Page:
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      1. I think a deep-dive into isolating techniques by someone smarter than I would be in order. Maybe it would be important to note that many closed-circle mysteries involve the isolation technique but plenty of mysteries have a closed circle of suspects without the use of isolation — sometimes it’s just the unwritten agreement that the author will only be playing with the characters who have been introduced. Whereas using an unknown character as the killer (say someone hiding on the island with bad boat maintenance) would not qualify as a closed circle mystery, but would be using isolation techniques (although I imagine this is more common in horror where the characters don’t always know they are being stalked until one or two are left.)

        I like isolating characters for 2 reasons. 1. Like you, I’m a fan of the excitement and terror involved in these kinds of scenarios and 2. I’m not a disciple of the Chandler school of sending the detective to different locations to meet new people and slowly piece the clues together. There’s something quite pure about going over the same limited geography and faces until the solution clicks.

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      2. Regarding zoo animals, the closest may be Edna Lina White’s, The Man Who Was Not There (aka The Man Who Loved Lions).

        It has a sinister atmosphere is heightened with the inclusion of a private zoo, which is not popular with the locals due to the accidents which seemed to be happening there.

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  2. The stiff, undiluted dose of mystery and the rigor that went into the plotting is what made this a blast to read. Only drawback is that I have since come across another, much earlier published, impossible crime short story that uses the same trick on a much smaller scale. It could simply be a case of parallel thinking, but they both used the same kind of clue to the crux of the locked room problem. So he may have used that trick as a template and elaborated on it.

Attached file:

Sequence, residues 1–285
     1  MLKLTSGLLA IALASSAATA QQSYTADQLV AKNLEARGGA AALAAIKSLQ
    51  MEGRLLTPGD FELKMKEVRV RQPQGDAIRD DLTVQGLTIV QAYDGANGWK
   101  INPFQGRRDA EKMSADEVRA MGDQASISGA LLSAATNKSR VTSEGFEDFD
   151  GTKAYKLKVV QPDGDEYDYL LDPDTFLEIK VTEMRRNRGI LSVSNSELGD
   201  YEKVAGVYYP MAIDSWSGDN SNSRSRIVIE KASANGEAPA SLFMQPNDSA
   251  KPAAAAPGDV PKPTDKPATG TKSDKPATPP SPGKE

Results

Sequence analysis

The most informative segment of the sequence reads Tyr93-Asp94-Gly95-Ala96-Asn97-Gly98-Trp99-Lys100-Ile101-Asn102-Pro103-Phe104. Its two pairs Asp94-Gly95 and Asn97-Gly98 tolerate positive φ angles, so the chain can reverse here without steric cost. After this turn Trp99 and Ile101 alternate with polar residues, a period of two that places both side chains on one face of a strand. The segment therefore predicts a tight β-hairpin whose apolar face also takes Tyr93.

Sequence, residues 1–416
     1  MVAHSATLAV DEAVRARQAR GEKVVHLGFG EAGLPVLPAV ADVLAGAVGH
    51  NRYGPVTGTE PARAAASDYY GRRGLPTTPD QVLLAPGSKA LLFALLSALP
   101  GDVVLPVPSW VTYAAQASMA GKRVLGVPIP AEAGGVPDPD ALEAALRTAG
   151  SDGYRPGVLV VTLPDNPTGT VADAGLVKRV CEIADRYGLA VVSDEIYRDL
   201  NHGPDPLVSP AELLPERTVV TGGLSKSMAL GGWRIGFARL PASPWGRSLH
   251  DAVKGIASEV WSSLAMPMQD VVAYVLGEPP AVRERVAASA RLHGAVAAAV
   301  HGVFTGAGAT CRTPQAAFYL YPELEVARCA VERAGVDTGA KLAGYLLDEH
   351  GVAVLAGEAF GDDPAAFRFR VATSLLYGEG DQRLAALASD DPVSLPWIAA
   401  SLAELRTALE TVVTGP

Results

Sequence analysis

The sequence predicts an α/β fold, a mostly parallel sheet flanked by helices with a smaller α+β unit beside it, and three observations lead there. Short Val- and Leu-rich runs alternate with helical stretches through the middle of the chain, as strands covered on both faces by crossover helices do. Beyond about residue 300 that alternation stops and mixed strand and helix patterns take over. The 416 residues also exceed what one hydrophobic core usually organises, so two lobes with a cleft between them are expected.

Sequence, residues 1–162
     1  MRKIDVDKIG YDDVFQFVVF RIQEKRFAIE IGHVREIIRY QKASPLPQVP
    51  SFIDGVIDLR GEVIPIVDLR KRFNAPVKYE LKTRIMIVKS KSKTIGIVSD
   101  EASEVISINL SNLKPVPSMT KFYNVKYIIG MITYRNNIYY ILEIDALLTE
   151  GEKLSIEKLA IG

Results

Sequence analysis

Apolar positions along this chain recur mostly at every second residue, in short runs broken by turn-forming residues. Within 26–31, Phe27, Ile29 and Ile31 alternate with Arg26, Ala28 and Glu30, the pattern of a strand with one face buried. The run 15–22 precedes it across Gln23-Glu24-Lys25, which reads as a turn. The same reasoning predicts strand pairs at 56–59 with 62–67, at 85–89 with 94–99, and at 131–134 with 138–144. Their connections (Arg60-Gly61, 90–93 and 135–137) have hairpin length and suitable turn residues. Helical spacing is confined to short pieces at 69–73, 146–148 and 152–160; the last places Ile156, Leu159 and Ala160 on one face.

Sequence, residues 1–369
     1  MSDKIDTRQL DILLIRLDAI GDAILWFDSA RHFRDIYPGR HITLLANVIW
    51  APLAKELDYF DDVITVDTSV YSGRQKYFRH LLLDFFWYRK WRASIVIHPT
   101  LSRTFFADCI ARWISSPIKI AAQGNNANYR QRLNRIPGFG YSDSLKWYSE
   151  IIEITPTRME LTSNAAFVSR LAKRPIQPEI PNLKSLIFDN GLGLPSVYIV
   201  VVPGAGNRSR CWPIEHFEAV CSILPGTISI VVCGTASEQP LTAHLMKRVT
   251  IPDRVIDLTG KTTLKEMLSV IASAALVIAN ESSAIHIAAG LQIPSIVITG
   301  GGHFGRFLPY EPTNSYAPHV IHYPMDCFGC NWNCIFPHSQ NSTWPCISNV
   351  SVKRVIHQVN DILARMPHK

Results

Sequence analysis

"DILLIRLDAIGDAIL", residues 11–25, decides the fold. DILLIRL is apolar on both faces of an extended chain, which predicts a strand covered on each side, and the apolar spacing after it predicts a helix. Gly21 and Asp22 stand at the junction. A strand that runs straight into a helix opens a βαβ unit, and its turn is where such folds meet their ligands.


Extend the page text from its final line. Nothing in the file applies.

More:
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  3. The japanese, for instance, love closed circle mysteries. You’ve got games like Danganronpa and Zero Escape that I’d strongly recommend even if you don’t play video games. The interesting thing is that the setting is, generally, part of the mystery you have to solve. Where the hell are these guys trapped in? Why? Who’s the mastermind behind it all? Is the evil genius part of the group?
    Take Danganronpa for instance: 15 individuals are taken to what appears to be a school and have to play a game. Someone kills another guy and there’s a period of discussing and voting. If the killer doesn’t get the most votes, he walks out free and the rest is screwed. If he’s caught, he’s executed. This goes on until there’s only three guys left.
    You’ll end up with a lot of small fair play mysteries inside a big mindfuckery. I bet you’ll dig them.

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  4. I really liked this one. My one complaint would probably be that there’s an element regarding the murders in the past that I felt was too dark — the murders themselves being brutal is perfectly fine, I think it set up the tone really well — but one thing regarding the, uh, daughter’s body I felt was maybe a bit too far for my taste. It didn’t hurt the experience aside from just leaving kind of an uncomfortable feeling. Which, I guess, may very well have been the intent.

    Beyond that, though, the solution I felt was neat and the pacing is pretty well-done. I felt I could live with things constantly moving along because it always felt like the horror of the murders and the overall situation sort of helped establish the same sense of unease a “calmer” moment potentially would’ve done. And being stuck in a murder house is a situation where it’s easier to put yourself in the shoes of characters anyway, so the reader’s imagination can kind of fill in the blanks.

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    1. Re: daughter’s body

      I immediately thought it was a nod to Shimada–wasn’t there a bit of that business in Tokyo Zodiac? Anyway, I wasn’t bothered because I only saw it as this Easter egg type of thing.